Granted in 1719 to encourage industrial development in the province and called New Portsmouth, this two-mile wide strip of land was set aside to provide homesites for imported workers at the Lamprey Ironworks. Wood from this strip was converted to charcoal for the Ironworks. Absorbed by the 1722 Barrington Grant, the area retains its identity as The Two-Mile Streak. Descendants of early settlers still live here.
This marker was erected in 1974. It’s located on the east side of Rt. 125, about one and a half miles south of Rt. 9 in Barrington.
Before getting to the Two Mile Streak it’s worth mentioning that the influx of settlers to New England really started to take off in the early 1700s. Businessman had begun erecting mills on the rivers around Great Bay. Townships and protective Garrisons were being established along the Merrimack river, and Portsmouth was the center of New Hampshire trade and government
As the population grew, so did the need for resources and trade goods. Ship masts and lumber were in great demand, and most of the Great Bay area had been clear-cut by 1715 or so. The trees were cut, masts and lumber made, then shipped off to England for the King. The settlers needed homes and food, and the resources needed to keep flowing in and out of New Hampshire. Farms and markets were increasing in number and the colony was prospering quite well. The population by 1720 was nearing approximately 10,000-15,000 people in the towns surrounding Great Bay, double what it had been only 10 years earlier.
Abundant resources – and profits – attracted prominent and wealthy merchants to our shores. Among them was a successful captain from Scotland, Archibald MacPheadris, who made his fortune as a sea captain and trader before coming to New Hampshire. His first ventures here were in the fir trade and lumber exports. He developed a good relationship with the Indians and set up a network of outposts and employees to acquire firs. Investing money in the building and running of lumber mills along the rivers feeding Great Bay produced valuable lumber. Exporting his products back to London made him one of the richest and most important men in Portsmouth at the time.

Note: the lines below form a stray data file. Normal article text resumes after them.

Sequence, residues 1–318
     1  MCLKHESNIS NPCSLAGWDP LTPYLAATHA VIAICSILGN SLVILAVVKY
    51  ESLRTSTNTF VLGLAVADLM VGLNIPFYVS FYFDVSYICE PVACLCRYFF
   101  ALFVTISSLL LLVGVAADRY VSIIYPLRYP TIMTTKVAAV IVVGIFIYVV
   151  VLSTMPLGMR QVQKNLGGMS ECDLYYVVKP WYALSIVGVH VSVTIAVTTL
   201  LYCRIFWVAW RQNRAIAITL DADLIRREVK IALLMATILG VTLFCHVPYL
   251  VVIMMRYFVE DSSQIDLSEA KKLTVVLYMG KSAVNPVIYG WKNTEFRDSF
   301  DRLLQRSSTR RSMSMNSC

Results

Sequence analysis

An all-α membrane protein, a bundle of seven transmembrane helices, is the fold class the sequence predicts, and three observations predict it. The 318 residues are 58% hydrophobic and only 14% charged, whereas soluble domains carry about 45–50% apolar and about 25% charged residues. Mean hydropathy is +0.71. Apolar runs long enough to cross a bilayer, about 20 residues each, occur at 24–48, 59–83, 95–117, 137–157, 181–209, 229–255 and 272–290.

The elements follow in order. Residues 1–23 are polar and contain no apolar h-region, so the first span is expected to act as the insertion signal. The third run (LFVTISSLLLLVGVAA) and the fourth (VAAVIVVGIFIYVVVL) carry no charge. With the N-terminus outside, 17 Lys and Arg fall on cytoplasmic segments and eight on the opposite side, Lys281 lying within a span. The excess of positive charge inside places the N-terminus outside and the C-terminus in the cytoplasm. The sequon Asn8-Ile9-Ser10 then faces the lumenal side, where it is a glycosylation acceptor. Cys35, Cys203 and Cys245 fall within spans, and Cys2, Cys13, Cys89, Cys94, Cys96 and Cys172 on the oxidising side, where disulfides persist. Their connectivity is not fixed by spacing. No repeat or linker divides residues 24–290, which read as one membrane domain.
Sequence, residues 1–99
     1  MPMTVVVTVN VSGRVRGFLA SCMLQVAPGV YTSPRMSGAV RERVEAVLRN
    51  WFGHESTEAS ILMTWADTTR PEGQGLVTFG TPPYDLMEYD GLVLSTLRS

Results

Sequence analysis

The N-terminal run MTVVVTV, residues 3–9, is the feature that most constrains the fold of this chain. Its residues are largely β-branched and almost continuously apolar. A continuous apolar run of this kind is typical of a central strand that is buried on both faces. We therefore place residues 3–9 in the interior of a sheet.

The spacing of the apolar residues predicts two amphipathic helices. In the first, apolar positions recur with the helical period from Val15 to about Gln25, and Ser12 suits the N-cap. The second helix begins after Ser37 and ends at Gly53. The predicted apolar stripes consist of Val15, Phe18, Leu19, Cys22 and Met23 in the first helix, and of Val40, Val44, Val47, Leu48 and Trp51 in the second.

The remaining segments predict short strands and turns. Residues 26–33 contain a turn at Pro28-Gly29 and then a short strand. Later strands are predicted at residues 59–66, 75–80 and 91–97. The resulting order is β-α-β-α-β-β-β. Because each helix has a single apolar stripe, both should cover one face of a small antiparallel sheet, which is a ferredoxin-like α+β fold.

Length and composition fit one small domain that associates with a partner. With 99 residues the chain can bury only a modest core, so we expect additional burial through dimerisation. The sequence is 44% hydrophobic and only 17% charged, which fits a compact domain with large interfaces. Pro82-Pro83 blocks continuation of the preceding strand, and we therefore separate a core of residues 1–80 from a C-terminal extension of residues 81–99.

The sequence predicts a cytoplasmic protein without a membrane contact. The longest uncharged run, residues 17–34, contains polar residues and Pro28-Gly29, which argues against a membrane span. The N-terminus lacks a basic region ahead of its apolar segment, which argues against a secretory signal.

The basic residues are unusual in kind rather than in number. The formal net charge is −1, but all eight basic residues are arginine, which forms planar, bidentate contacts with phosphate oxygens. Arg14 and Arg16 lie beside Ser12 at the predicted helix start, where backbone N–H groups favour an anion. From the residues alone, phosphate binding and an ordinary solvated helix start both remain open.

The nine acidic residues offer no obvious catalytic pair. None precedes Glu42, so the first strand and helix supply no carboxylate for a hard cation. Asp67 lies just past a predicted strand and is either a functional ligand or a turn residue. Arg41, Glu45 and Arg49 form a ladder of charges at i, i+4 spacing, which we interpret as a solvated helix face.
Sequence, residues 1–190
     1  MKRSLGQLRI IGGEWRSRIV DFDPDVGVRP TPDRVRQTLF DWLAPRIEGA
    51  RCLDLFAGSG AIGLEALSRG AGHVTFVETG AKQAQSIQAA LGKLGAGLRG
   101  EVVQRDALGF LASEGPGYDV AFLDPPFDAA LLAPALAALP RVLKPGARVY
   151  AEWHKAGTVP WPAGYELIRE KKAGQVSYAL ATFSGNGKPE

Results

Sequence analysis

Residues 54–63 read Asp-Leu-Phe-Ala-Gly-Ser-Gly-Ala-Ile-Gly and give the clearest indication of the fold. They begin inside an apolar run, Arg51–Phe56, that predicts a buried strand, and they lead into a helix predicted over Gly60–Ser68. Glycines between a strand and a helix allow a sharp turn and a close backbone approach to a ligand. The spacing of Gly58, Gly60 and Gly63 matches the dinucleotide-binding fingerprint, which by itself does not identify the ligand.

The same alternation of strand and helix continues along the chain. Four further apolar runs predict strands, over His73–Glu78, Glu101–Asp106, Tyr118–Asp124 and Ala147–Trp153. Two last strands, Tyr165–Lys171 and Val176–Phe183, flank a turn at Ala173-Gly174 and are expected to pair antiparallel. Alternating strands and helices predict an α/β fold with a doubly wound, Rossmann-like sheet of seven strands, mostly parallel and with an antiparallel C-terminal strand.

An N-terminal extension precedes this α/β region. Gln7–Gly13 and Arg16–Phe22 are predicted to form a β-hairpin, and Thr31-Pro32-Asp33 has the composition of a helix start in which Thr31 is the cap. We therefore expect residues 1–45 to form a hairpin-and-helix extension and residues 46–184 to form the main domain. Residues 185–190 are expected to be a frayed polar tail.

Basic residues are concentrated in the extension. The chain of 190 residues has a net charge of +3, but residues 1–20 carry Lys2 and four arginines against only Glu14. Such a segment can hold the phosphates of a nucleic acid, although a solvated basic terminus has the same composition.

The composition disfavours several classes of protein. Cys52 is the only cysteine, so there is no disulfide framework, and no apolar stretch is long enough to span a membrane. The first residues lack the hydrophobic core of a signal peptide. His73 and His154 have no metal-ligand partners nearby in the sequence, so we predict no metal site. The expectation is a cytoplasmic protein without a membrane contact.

Today you can still see his legacy at the home he built in Portsmouth, “The Warner House".
Warner House photo provided by and copyright of Philip Case Cohen. Visit his blog, The Daily Portsmouth! Check out his Virtual Gallery while you’re over there.
Construction began in 1716 or so (accounts vary) and was completed in 1718. All of the original brick was imported from Holland, and the cost to build it was a then staggering £6,000! It was completed in time to present as a gift to his new wife Sarah Wentworth. She was one of the 16 children of Governor John Wentworth. MacPheadris was well connected. They had one child, Mary, who would later marry a gentleman named John Warner. The home now bears his name. To read a very interesting detailed history of the house, Volume 7 of the Granite Monthly of 1883 has quite the colorful story.
Now we can get to the Two Mile Streak!
Making Iron is no small thing. First you have to find the ore, which was dug out of the bogs in the area. Then you have to smelt it. That means heat, and lots of it. MacPheadris needed trees to burn into charcoal to keep his furnace hot, and people to dig up Bog Iron ore and man the Ironworks. It was backbreaking, dirty hot work. MacPheadris brought employees over from England to man his project.
The Iron was turned into everything from home fixtures (nails, hinges, door handles, etc.) to household goods such as pots and plates. (Photo above is the Iron Furnace in Franconia, click it to visit the web site)
In 1719 the resources required to support the operation were awarded in the form of the Two Mile Streak. Two miles wide, and six miles long it is today the eastern side of Barrington. Homes were built for the families of the men that worked for the Ironworks, and the wood of the land kept the furnace going. The streak can be clearly seen in this portion of a 1784 map by Samuel Holland (click to enlarge).
In 1722 the Streak became part of the Barrington Grant that created that township (and included what is today Strafford). The same charter created the towns of Chester, Nottingham and Rochester. Barrington would begin to be settled in earnest in the mid 1730s.
The Lamprey Ironworks operated until MacPheadris’ death in 1728. He had been an entrepreneur, magistrate in Portsmouth, part of the Kings Council and pioneer in developing New Hampshire trade and early industry. The homesteads built for his workers and their families were the first in Barrington.
Today’s Rt. 125 enters Barrington from Lee in the Streak, and runs north through this land grant all the way to the Rochester border. It’s not very impressive when you drive along, but it played an important part in our history, thanks to Captain Archibald MacPhaedris.
“He was Capt. Archibald Macpheadris, a yellow-haired Scotchman, as crotchety as his late countryman, Carlyle, an indefatigable worker, a prosperous merchant and speculator, whose thrift brought him wealth.”